Source: CEFIC analysis on IWT



  • Energy efficient and clean transport as well as innovative fleets.
  • Labour extensive: the staff shortage is becoming a pressing concern in many transport sectors. However, according to the European Shippers’ Council, the labour shortage challenge in IWT might be less difficult than in other more labour-intensive transport modes.
  • Ability to transport large volumes of goods.
  • Low level of accidents.
  • Safety of supply, additional capacity.
  • Capacity on infrastructure: in practice, cargo-owners face challenges in finding alternative modes, especially the capacity for rail-paths as the rail-infrastructure on the most important corridors is already congested. Compared to rail, the situation for inland waterway transport is greatly preferred as rivers and canals provide additional capacity for freight transport. This is certainly a factor which will be considered by cargo-owners.



  • Developments in other modes – energy transition and automation: one should not be oblivious to the fact that the position of inland waterway transport will be influenced by external developments in other modes.
  • Realistic cost structure and disadvantages: for cargo owners, the overall cost of transport and logistics is more than simply the transport costs. “Shifting from road to inland navigation transport often involves reinventing the supply chain”. For instance, it should be ensured that sufficient storage capacity is available. Cargo owners must therefore have a clear picture of the total cost of shifting from road to inland navigation before making any decisions. In addition, additional investment costs might also be required on the side of transport suppliers if vessel owners ask for greener transportation modes to be used. Cargo owners should in these circumstances understand that longer-term contracts are necessary to guarantee innovation and obtain financing from the financial sector.
  • Make use of digitisation: digitisation enables the reduction of costs, in particular to facilitate information exchange among the different actors of the transport chain.
  • Reliability of transport: the cost that cargo owners might be ready to pay to ensure reliability of supply should not be underestimated. Inland waterways have always had a good track record in this regard. However, the influence of water levels on the inland waterway transport freight rates can lead to extremely high costs for cargo owners. Investments in infrastructure and a more adapted fleet is required to address this challenge.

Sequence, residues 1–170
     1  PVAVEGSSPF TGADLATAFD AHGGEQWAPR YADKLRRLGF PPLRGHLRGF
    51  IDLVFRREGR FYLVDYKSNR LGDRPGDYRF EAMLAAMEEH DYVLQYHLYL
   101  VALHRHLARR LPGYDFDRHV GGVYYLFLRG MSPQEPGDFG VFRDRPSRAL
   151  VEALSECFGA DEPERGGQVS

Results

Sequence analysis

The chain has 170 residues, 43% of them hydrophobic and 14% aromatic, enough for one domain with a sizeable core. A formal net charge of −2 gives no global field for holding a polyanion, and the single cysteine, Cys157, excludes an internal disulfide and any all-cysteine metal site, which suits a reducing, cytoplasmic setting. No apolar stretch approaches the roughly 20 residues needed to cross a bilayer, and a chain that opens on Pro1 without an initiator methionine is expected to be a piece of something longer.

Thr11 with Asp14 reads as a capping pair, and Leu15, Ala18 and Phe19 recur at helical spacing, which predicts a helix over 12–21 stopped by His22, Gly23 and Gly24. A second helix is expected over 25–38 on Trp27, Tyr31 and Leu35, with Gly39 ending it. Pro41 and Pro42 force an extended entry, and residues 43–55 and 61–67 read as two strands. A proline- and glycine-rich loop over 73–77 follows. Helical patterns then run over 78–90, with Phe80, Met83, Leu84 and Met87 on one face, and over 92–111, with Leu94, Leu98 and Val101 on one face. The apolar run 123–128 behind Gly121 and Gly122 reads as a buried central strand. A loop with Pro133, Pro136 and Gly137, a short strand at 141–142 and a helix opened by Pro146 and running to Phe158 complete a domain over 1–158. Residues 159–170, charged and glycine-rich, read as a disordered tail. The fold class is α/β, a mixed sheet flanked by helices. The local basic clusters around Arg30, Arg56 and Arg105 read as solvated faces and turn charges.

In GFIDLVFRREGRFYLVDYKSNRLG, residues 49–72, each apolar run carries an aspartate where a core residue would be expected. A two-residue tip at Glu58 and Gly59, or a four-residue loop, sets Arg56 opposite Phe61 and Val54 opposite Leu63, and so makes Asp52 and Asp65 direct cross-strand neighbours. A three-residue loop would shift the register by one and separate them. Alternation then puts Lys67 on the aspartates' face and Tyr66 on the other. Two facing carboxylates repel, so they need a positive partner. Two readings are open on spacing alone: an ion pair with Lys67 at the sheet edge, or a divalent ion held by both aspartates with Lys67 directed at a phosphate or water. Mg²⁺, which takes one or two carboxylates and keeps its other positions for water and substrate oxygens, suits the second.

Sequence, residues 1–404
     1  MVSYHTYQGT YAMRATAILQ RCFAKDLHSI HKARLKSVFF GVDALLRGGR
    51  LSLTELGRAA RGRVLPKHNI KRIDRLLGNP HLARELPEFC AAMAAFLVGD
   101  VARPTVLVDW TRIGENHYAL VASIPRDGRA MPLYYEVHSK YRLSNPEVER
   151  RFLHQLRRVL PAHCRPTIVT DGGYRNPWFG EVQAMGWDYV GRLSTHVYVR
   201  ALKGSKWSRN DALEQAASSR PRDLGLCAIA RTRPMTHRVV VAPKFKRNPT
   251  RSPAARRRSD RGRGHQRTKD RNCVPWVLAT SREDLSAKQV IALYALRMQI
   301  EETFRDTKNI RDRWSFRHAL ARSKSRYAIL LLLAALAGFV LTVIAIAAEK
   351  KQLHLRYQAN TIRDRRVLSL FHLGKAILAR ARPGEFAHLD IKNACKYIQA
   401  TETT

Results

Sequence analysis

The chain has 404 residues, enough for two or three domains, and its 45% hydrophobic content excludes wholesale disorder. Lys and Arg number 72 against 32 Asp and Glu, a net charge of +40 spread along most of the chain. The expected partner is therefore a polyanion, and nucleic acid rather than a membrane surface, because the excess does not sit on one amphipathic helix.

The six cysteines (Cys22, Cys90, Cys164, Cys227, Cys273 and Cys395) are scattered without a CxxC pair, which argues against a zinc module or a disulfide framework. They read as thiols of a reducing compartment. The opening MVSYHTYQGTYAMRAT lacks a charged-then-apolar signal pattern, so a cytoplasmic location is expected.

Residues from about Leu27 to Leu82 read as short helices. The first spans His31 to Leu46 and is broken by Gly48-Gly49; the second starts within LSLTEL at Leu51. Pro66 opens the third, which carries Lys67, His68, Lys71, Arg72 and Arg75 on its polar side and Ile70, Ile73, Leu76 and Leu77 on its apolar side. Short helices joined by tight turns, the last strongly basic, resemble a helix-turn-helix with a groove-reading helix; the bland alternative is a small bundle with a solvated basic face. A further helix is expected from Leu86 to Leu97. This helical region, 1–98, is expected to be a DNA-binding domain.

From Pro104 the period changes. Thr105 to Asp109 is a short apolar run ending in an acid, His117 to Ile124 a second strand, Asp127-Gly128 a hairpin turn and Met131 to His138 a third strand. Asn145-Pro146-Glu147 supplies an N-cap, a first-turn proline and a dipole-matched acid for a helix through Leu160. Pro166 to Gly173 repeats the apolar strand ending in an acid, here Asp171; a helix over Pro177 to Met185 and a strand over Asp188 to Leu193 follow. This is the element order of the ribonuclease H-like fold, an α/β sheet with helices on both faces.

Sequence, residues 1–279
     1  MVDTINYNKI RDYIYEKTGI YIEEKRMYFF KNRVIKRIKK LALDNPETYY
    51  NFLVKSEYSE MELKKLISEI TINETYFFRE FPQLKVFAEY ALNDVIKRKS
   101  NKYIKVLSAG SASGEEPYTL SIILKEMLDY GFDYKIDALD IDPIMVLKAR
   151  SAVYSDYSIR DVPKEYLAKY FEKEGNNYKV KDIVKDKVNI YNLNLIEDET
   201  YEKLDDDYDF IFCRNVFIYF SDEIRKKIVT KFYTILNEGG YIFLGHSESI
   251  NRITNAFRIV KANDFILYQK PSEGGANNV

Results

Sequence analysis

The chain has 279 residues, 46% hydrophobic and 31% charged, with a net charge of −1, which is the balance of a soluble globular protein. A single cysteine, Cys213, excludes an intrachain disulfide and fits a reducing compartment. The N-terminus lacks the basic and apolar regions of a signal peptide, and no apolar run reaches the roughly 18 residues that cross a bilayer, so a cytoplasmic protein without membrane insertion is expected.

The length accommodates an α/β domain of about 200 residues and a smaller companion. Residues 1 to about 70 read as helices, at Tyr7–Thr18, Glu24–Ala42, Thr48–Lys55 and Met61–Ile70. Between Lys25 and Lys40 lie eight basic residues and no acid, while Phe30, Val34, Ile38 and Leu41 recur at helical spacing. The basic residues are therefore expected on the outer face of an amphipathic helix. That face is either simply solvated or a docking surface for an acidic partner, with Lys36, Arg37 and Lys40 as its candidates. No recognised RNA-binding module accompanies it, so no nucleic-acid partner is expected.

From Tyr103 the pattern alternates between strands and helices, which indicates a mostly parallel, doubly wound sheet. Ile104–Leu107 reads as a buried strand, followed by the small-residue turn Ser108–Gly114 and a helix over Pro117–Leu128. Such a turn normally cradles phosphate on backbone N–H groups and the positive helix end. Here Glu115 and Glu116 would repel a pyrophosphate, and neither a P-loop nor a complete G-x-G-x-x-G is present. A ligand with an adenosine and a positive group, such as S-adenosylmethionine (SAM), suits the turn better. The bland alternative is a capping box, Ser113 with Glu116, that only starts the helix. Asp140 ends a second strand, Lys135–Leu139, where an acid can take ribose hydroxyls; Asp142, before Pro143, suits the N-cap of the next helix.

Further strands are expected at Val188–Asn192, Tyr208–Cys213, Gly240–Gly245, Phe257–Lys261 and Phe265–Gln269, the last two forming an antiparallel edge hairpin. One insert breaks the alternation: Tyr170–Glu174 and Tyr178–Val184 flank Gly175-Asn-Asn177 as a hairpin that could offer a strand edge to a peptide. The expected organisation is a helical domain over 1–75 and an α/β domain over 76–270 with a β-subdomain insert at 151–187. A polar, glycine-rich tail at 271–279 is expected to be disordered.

• Prepare for the future: the long-term perspective would be that the sector would have to be competitive with others on efficiency, reliability, sustainability and costs. The sector should prepare for this in the future and not only rely on its present sustainable profile.


  • As a general statement, it can be said that policies can have an impact on price. Yet policies affecting price should be limited to the minimum in free markets and be applied uniformly (not limited to certain regions for instance). In addition, such policies should be clear and unambiguous. As far as possible, regulations should not change in line with the political environment so as to provide a long-term vision for the IWT actors.
  • It became clear from this workshop that policy makers will not intervene on how price is formed but rather on other factors that influence price, and ultimately the competitivity of IWT – low water surcharge, fuel surcharge, congestion charge, sustainability and how investment might impact price.